Fifty per cent of Australians are also buying their complementary medicines in pharmacy, and this provides pharmacists with an excellent opportunity to discuss how complementary medicine usage may benefit or impact the current treatment plan of a patient.
So it is a “no brainer” that pharmacy practice should move firmly in the direction of integrative medicine, despite attacks by negative advocacy organisations to suppress this development.
Mark Coleman has been doing some research on these suspect groups and has begun to formalise his findings in an article series, the first of which “It’s the Tip of the Iceberg” that appears in this edition.
But within the integrative boundary is where pharmacy practice needs to reorganise itself so as to remove any elements of “conflict of interest”.
It is time that community pharmacy formalised its environment as a “health precinct” where it positions itself as a practice manager, hosting a range of health modalities (including that of clinical pharmacy).
Both patients and income are shared with the pharmacy collaboratively.
From within the clinical pharmacist practice, prescribing skills will be allowed to develop provided the clinical pharmacist practice is kept separate from the pharmacy ownership (and vise-versa) and that the clinical practice can be established in more than one pharmacy with different ownership.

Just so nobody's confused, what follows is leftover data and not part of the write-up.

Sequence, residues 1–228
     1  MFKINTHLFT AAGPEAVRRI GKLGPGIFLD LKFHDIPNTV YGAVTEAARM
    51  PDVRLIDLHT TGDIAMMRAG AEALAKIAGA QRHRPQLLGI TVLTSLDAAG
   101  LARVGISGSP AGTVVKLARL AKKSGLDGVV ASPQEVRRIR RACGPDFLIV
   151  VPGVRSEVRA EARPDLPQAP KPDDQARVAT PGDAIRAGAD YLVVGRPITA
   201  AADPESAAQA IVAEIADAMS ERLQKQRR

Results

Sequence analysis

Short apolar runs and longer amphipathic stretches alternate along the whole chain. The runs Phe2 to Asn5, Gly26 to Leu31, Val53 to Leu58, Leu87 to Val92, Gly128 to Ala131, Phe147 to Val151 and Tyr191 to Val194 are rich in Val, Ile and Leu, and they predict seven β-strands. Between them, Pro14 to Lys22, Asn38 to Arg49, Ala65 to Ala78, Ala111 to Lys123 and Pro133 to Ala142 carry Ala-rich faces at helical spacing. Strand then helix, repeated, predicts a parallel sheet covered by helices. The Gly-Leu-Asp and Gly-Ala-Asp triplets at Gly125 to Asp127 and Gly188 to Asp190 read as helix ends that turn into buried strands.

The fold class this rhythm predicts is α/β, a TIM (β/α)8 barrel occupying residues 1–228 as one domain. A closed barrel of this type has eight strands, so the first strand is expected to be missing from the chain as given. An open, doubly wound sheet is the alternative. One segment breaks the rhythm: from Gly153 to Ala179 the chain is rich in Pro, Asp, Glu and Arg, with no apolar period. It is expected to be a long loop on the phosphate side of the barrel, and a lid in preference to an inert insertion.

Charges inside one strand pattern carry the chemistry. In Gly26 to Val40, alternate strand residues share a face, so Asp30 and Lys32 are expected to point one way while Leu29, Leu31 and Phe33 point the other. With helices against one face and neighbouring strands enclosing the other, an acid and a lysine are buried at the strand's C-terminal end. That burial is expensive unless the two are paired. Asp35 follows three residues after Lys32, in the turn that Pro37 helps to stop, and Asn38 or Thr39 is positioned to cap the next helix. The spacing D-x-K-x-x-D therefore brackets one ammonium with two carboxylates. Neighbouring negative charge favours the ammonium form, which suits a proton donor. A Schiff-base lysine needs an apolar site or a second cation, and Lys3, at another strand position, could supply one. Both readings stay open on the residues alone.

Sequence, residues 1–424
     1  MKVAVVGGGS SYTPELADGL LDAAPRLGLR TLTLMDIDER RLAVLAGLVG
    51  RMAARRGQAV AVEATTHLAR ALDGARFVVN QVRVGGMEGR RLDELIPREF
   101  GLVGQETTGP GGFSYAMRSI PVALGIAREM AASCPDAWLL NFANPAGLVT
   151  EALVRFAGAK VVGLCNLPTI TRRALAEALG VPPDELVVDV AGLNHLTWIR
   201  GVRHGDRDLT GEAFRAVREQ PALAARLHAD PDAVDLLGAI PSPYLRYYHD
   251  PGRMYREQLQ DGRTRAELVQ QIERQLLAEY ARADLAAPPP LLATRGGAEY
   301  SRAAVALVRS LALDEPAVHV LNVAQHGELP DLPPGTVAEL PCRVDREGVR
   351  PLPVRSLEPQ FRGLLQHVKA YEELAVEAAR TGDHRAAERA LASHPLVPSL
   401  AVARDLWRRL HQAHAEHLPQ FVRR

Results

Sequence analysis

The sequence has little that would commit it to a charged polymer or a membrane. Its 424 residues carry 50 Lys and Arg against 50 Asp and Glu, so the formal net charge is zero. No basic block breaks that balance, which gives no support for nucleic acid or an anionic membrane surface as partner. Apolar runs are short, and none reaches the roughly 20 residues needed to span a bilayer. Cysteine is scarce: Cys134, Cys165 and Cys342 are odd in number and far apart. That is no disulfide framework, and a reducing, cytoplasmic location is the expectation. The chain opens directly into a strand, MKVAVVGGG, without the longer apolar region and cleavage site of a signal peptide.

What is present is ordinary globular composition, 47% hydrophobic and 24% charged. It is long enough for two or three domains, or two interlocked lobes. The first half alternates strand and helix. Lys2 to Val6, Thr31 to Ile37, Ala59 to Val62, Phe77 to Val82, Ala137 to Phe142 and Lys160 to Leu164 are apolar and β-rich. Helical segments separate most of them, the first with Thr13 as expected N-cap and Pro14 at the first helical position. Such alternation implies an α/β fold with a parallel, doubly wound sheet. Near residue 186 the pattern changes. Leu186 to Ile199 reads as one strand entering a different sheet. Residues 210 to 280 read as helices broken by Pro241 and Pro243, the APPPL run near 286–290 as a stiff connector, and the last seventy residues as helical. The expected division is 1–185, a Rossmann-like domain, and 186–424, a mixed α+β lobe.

Arms-length independence needs be established for the health authorities as well as the ATO to be able to view the clinical pharmacist as an independent contractor and thus function an ethical prescriber.
The Blackmore’s Symposium was a great support for pharmacy practice, and all pharmacists should consider attending next year’s symposium event, because it is sure to be a sell-out.
In this current edition I would like to introduce you to the writers and their articles.
The lead article gives pointers as to where your starting point needs to be in your bid to establish a strong and stable pharmacy model that will see you prosper over the next decade.
There is no avoiding change, but it must be planned and objective change – not simply a reaction to market forces and government disruption.
Gerald Quigley was an attendee at the Blackmore’s Symposium 2016.
He also is a supporter of integrative medicine as being a responsibility of pharmacists and his article illustrates how he plans to utilise some of his new information.
He asks if other attendees will do the same.
Read: Have you changed?
Harvey Mackay is back with a management approach to solving problems.